Research report on "Supply of flats"
3. H(RL) said that the actual supply of private housing flats in six out of the 10 years up to the end of 1996 had consistently fallen short of the published estimates; supply in 1990, 1992/93 and 1995/96 even fell below the 10-year average, in particular for 1996 where flat production amounted to only 66% of the average figure. Both private property developers and professionals attributed the shortfall to such factors as the long lead time for planning applications and other administrative procedures as well as the delay in provision of infrastructural facilities. As regards public housing, the study found that there was a shortfall of 8,972 PRH and subsidized home ownership units over the second development period 1991/92 to 1995/96. The total production capacity for PRH over the period represented only 56% of that over the first development period 1985/86 to 1990/91, while the figure in 1995/96 was the lowest in the 10-year period, accounting for just 37% of the figure in 1988/89. The supply of subsidized home ownership flats also fluctuated in the two development periods. The production volume in 1994/95 was only 4,158 flats as opposed to some 20,000 flats in 1995/96. A total shortfall of some 10,000 units would be expected for the second development period. This would create pressure on the HA, the Housing Department (HD), the Housing Society (HS) as well as the construction industry. Furthermore, eligible applicants would have to wait for a long time before allocation of flats. Both HA and HS attributed the fluctuation in public housing flat supply to the unstable allocation of land by the Government, in particular in respect of formed land.
4. RLS had identified in the report seven areas in which improvements should be made to ensure a steady supply of public and private housing. These included:
- Supply of land
the subject had been covered in the research report on "Land supply in Hong Kong".
- Government regulations and approvals
delays in housing development might be caused by the long time required for obtaining feedback and approvals from government departments and authorities, and by different or opposite views in the areas of environmental protection, town planning, transport etc among different departments. A central co-ordinating mechanism was recommended to resolve differences in opinions amongst departments. Furthermore, as the design and planning procedures for most PRH estates were the same, the time for planning and development should be further reduced.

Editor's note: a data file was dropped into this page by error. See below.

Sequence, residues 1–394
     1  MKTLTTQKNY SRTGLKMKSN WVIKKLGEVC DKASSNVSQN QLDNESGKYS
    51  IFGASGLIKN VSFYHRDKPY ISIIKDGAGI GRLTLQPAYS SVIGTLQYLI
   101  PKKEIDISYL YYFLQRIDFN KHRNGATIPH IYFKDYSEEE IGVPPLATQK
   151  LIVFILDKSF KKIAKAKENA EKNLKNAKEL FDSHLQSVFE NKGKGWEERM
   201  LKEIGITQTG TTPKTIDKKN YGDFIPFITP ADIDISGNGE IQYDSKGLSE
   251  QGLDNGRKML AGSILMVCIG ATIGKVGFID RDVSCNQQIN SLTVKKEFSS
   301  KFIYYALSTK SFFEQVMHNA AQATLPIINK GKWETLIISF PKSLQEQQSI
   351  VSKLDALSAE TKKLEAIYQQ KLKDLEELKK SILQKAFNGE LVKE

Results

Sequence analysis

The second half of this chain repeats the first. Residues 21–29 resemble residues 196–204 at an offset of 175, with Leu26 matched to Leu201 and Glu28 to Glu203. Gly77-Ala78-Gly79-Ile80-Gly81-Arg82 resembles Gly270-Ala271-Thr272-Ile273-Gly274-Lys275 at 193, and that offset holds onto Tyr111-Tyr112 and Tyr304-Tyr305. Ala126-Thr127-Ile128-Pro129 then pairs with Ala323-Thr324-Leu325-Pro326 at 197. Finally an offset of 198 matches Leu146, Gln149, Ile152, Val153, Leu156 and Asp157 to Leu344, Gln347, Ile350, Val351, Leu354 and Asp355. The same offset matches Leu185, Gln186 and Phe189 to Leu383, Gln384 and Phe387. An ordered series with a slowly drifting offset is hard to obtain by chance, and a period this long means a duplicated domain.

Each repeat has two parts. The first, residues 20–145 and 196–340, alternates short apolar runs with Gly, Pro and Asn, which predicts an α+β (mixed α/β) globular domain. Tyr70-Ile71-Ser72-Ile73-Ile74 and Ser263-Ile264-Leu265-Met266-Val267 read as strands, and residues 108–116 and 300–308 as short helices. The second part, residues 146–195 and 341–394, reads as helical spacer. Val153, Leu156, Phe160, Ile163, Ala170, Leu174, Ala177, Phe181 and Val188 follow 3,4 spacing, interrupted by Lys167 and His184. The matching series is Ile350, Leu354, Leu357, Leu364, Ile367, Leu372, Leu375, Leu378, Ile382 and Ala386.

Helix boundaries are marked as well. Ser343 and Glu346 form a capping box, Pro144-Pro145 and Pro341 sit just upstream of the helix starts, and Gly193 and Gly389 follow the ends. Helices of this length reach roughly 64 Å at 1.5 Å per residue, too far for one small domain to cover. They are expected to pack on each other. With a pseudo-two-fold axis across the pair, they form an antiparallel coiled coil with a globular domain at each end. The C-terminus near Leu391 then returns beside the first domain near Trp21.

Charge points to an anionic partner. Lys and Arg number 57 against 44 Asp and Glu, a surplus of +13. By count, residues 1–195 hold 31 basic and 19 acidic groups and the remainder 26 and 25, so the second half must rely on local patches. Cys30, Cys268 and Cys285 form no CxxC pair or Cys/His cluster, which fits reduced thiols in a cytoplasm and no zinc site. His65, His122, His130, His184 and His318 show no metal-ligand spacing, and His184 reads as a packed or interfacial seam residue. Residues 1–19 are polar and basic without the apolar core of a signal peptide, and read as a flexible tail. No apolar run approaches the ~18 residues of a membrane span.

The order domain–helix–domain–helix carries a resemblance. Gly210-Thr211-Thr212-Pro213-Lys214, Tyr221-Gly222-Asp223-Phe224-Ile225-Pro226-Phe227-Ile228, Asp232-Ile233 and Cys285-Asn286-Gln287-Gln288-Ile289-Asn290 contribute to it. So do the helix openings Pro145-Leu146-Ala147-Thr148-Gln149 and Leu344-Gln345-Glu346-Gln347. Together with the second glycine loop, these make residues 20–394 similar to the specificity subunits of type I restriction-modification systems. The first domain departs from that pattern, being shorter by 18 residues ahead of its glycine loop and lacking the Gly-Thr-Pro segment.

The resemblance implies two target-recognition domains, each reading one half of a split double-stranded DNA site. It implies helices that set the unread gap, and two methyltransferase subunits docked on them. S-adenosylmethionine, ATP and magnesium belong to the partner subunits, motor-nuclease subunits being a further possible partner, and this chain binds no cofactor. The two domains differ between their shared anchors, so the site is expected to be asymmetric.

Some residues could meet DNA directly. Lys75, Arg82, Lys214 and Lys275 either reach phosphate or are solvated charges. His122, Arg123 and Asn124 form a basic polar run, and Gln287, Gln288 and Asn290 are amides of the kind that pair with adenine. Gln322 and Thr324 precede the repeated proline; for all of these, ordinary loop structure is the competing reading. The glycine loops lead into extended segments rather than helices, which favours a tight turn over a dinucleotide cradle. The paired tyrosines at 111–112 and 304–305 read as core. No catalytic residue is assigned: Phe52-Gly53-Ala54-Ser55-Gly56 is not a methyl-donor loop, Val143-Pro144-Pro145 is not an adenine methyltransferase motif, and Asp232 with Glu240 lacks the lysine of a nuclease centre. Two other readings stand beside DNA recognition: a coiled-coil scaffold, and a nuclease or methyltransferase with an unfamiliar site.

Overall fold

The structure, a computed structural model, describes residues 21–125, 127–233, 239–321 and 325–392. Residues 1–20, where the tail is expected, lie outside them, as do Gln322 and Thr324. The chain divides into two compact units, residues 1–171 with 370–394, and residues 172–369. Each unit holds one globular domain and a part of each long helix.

- Infrastructural development
adequate and speedy provision of infrastructural facilities was a major factor affecting the supply of both public and private housing flats. The Administration should consider entrusting infrastructural facilities to private developers or setting up a central co-ordinating mechanism to ensure timely completion of these facilities.
- Labour supply for development and construction works
as construction activity was expected to increase substantially in the public sector over the period 1998 to 2001, the Administration should monitor the trade closely and take appropriate measures to alleviate any specific supply constraints which might arise such as the supply of electricians and plasterers. Training and re-training of employees would be the two possible solutions.
- Town planning policy
stringent control of density of development affected the developable floor spaces for housing. RLS would examine the subject in detail in its forthcoming research report on optimization of land uses.
- Environmental regulations
environmental factor was another major cause of delay for both public and private housing. The manner for striking a balance between environmental protection and housing production required further examination.
5. In conclusion, H(RL) said that in order to increase flat supply, the Administration should consider increasing land supply, streamlining and speeding up procedures for the approval of housing projects and related land transactions, ensuring timely completion of housing related infrastructure projects, expediting urban renewal and monitoring the capacity of the construction industry. It was also worth noting that there was no inconsistency between the Administration and private developers as well as professionals on the need to review the land development and housing construction processes including aspects such as re-zoning, lease modification, resumption, town planning, environment and traffic assessments. The important point was for the Administration to fulfil its commitments so as to increase future housing supply.